Inflation at the peak exceeded 14%, and it fell to Fed Chair Paul Volcker to break the cycle. He did, but pushed interest rates so high - home loans, at 18%, were as expensive as credit cards are today - the economy fell into two recessions in short order.

It was tough medicine some say the economy needed. But it was costly: The unemployment rate topped 10% in 1982.

Volcker takes control



Alan Greenspan took over as Fed chief in 1987 and for much of his tenure was credited with finishing the work Volcker had begun. Under Greenspan the Fed cemented public trust that the Fed would keep inflation under control, creating a psychological "anchor" that may serve to temper actual price increases.

Greenspan's several hiking cycles were not as violent as Volcker's, and he is credited with what is considered a classic "soft landing" in the early 1990s when policy tightened without a recession. A short downturn started the new century, but was also attributed to a crash in technology stocks.

Greenspan's oracular standing took a hit less than two years after his departure in early 2006 from the Fed when a crisis that began in the U.S. housing market triggered a global meltdown. His willingness to leave interest rates low and take a lighter touch to banking regulation - a market-based view that investors would take rational risks if left alone - is cited by some as a cause of the crisis.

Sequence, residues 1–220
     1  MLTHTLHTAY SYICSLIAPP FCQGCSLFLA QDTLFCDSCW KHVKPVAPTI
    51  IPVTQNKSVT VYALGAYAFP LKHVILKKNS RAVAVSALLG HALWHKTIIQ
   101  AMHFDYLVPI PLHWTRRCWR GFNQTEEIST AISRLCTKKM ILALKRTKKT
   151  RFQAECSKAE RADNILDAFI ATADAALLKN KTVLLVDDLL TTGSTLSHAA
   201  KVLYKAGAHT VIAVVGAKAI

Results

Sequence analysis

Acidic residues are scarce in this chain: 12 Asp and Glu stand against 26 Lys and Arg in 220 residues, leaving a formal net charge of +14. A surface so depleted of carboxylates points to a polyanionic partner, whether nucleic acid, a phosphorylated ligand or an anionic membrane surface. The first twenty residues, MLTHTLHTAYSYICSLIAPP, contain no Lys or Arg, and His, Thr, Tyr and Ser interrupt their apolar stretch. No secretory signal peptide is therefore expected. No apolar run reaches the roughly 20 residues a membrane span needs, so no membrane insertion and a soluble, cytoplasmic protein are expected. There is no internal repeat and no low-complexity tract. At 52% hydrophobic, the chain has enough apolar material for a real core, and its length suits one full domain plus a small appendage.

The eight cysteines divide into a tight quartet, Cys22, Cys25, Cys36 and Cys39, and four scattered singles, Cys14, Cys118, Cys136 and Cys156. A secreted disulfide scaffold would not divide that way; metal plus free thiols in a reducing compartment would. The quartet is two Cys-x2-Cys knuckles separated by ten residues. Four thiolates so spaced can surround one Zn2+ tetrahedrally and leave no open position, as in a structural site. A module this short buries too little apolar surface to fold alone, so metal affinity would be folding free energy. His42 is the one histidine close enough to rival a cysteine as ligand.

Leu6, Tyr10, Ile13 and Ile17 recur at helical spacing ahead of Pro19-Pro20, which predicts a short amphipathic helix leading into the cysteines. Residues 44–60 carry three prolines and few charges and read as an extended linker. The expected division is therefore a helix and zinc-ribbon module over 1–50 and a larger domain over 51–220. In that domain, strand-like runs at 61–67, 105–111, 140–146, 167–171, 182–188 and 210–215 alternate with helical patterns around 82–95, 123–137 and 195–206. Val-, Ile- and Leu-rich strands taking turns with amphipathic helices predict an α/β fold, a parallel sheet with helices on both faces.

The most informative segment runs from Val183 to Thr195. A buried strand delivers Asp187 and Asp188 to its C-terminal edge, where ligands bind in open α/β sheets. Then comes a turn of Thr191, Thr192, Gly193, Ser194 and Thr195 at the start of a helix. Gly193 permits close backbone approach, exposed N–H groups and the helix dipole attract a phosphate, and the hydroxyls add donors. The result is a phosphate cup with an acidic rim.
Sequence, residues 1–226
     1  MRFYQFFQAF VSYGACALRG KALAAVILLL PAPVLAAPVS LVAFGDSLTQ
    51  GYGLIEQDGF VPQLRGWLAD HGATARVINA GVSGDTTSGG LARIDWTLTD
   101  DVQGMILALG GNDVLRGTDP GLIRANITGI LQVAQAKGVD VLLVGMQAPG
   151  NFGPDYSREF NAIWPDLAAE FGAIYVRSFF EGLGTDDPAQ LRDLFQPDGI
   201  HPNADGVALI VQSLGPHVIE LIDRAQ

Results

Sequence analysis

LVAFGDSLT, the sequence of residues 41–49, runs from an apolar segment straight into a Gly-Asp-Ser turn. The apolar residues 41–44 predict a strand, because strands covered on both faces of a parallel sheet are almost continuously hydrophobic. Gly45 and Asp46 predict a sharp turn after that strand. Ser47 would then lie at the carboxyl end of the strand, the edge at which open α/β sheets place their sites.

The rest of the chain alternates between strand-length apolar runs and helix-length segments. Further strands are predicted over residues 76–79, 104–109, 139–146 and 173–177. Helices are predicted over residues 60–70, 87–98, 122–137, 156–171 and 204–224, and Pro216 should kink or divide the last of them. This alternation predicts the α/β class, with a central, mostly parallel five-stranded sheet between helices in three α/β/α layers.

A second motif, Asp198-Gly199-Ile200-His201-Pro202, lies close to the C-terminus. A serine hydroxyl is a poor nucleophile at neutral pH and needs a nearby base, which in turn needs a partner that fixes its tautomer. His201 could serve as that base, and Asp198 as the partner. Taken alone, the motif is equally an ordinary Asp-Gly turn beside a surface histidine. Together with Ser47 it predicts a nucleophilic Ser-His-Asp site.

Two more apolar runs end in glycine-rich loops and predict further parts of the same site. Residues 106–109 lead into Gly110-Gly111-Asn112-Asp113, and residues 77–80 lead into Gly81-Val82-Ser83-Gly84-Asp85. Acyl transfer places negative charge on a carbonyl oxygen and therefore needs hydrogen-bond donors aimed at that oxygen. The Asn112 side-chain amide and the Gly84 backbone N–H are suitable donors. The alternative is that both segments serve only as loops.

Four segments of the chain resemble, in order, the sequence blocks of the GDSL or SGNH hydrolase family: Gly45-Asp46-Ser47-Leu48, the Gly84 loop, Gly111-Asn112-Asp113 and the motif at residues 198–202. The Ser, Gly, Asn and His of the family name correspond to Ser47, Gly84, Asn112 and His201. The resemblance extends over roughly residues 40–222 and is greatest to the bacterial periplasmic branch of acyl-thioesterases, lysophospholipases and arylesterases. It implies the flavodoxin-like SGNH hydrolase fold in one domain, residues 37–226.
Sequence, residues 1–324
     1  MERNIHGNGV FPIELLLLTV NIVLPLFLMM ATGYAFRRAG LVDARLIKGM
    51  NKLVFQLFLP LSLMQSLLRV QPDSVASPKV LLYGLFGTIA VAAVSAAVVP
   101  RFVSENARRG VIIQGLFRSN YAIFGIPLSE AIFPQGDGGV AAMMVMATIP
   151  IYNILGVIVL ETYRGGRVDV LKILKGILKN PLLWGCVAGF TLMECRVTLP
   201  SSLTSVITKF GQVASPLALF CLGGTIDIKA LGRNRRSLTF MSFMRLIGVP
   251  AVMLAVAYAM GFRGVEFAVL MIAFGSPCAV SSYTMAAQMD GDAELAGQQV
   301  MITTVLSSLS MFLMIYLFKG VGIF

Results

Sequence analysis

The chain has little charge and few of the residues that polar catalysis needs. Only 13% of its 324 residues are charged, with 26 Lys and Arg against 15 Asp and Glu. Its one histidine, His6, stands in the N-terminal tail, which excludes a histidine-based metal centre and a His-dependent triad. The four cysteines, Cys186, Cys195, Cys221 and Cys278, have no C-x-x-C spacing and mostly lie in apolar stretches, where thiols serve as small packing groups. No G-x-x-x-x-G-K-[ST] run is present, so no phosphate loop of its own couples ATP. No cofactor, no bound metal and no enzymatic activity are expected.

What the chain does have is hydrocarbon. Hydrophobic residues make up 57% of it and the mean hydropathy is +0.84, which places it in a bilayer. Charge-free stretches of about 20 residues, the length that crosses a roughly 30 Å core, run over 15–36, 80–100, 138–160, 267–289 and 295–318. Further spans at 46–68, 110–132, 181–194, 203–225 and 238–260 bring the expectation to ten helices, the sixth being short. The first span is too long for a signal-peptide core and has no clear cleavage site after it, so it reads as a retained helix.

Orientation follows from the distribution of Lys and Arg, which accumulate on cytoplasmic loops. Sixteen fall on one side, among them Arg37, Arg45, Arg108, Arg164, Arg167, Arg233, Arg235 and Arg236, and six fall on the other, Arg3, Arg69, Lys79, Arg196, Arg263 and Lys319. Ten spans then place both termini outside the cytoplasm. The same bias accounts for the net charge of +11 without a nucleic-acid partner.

Interest rates did rise from 2004 to 2006, though the ensuing 2007-2009 recession in the United States was less about the level of borrowing costs than the earlier spread of bad mortgage bets through the financial system.

The Greenspan years: Anchoring and moderation


The Greenspan years: Lowflation settles in


The Greenspan years: Late pulling the punchbowl?



Since the financial crisis and recession more than a decade ago, U.S. central bankers have come to grips with a new world in which inflation seemed safely stuck near or even below their 2% target, and interest rates globally appeared in decline.

The Fed for the first time ever cut rates to near zero during that crisis, and they remained there until late 2015. When Fed Chair Janet Yellen and her successor, Jerome Powell, lifted rates, they did not get as far as expected. Even before the coronavirus pandemic caused a recession, the economy was showing signs of stress, and the hiking cycle was cut short.

Yellen and Powell lift off (sort of)


The outcome this time will depend on many things, including whether the war in Ukraine ends or intensifies. The energy shock resulting from Russia's invasion of its neighbor is already looking less persistent than those of the 1970s. Investors and analysts do not expect the Fed will need to resort to Volcker-style aggressiveness for prices to ease.

That doesn't mean it will be easy. In fact the Fed is banking that inflation snaps back to the trend in place before the pandemic. But with the economy now on a path to less globalization, more expensive supply chains, and tighter job markets, that is far from assured.

The post-COVID liftoff

The COVID inflation surge